Samaritan Aramaic, a branch of Western Aramaic, circulated in Palestine along with Jewish Aramaic and Christian Aramaic during the Roman and Byzantine periods. It was the language of Samaria: the territory enclosed between the Galilee in the North, Judaea in the South, the river Jordan in the East and the Mediteranean littoral in the West. Along with Hebrew, Greek and Latin, Aramaic was a language of everyday life in communities in certain Hellenistic cities outside Samaria (such as Gaza, Ascalon, Emmaus, Yamnia and Antipatris). With inroads made by Arabic in the 7 th century C.E., Aramaic was gradually abandoned as a spoken language. Aramaic continued to be commonly used as a written language until the 10 th century C.E., and appears sporadically in later liturgical compositions. Samaritan Aramaic shares with the adjacent Jewish and Christian dialects the characteristics of Western Aramaic, as inherited from the Standard Aramaic which held sway in the region during the Hellenistic and early Roman periods. Bred on the territory formerly dominated by Hebrew, there is little wonder that, like other Western Aramaic dialects, Samaritan Aramaic manifests an abundance of Hebrew influence in both grammar and vocabulary.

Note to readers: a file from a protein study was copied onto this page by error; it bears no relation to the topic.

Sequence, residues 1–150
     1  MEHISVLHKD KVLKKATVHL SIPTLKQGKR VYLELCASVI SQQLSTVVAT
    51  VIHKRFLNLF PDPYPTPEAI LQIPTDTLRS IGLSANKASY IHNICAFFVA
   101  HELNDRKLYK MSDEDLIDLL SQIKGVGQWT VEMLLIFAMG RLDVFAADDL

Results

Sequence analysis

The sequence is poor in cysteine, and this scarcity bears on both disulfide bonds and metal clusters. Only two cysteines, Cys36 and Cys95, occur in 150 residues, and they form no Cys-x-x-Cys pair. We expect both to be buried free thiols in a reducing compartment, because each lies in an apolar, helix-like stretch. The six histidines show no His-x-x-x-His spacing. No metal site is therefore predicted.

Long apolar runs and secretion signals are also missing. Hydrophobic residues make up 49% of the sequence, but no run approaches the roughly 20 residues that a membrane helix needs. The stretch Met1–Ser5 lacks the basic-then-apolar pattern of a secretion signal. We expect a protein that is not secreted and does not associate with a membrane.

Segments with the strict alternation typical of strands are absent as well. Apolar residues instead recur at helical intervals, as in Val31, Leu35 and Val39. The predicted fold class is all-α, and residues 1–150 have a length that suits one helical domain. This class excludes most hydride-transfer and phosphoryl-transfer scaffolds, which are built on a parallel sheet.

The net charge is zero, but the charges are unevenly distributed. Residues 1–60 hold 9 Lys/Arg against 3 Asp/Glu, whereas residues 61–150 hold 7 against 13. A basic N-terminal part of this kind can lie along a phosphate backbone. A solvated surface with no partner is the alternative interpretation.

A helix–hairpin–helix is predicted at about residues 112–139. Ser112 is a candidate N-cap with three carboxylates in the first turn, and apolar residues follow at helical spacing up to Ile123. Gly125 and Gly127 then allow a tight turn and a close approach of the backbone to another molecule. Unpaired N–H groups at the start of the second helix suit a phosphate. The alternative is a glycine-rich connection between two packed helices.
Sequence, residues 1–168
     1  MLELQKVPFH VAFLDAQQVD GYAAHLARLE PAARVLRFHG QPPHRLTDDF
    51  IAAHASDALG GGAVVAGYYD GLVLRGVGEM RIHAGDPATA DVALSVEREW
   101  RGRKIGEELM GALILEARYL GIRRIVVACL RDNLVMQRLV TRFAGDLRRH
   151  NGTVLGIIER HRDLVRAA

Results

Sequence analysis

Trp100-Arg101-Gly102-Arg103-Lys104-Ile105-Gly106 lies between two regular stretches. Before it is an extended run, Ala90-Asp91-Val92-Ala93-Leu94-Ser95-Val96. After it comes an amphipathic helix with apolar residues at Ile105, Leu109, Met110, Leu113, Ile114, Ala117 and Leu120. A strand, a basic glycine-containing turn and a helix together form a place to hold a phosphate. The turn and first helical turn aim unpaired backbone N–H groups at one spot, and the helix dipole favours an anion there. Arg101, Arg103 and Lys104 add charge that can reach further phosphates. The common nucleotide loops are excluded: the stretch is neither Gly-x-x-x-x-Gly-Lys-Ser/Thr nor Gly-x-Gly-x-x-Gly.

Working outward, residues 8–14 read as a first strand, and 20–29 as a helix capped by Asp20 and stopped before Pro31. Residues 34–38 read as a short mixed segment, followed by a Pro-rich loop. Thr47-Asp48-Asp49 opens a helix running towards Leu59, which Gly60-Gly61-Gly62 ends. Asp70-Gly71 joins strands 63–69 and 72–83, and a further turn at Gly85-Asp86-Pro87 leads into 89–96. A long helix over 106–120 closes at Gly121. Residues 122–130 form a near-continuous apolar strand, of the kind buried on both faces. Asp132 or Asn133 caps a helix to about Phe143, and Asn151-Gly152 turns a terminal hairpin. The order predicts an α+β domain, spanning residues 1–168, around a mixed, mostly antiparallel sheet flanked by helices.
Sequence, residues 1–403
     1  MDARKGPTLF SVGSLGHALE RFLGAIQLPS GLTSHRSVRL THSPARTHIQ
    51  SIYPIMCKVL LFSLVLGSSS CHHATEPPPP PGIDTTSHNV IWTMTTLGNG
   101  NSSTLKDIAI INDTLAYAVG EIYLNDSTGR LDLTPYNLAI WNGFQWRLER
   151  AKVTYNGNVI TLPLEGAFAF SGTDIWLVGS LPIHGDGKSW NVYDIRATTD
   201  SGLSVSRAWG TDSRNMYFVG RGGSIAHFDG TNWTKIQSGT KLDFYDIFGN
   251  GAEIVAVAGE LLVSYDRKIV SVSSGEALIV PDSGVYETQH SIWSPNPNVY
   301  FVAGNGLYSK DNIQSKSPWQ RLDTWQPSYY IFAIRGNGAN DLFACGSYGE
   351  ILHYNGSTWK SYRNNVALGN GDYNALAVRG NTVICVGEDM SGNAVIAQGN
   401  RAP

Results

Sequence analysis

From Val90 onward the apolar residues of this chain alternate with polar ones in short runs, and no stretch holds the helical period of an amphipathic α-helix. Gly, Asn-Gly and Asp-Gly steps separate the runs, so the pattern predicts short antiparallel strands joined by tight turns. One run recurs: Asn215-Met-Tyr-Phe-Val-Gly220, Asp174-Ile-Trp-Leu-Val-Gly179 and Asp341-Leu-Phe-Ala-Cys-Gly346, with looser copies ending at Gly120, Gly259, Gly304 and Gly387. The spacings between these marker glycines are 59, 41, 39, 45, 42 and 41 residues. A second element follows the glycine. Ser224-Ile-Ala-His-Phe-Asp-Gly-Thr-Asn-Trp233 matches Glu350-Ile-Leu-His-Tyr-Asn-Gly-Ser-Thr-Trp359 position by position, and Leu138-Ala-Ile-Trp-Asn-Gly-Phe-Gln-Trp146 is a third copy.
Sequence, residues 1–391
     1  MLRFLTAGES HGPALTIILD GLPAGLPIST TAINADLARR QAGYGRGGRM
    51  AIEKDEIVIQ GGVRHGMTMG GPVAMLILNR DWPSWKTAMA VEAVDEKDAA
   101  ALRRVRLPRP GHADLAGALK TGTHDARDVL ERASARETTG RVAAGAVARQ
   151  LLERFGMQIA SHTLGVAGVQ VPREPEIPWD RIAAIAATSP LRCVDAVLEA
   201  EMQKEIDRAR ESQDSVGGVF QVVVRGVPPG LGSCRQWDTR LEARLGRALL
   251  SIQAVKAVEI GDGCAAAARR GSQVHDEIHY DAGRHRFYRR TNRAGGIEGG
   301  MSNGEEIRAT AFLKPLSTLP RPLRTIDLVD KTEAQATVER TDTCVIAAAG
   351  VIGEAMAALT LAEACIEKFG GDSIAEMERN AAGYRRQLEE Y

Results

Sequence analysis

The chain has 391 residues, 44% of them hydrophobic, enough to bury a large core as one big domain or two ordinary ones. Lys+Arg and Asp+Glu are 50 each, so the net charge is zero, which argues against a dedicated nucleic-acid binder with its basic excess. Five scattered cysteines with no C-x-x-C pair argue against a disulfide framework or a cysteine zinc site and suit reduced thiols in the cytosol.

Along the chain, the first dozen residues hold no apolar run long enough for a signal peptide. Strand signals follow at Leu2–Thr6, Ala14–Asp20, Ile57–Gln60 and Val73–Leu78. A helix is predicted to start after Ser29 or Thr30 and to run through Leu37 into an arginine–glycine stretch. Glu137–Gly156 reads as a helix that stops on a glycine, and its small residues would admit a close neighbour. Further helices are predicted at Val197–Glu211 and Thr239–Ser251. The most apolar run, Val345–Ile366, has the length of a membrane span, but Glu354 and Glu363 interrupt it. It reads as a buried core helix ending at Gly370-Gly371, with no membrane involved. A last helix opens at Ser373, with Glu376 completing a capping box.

|Title of host publication||The Semitic Languages|
|Subtitle of host publication||An International Handbook|
|Publisher||De Gruyter Mouton|
|Number of pages||10|
|State||Published - 23 Dec 2011|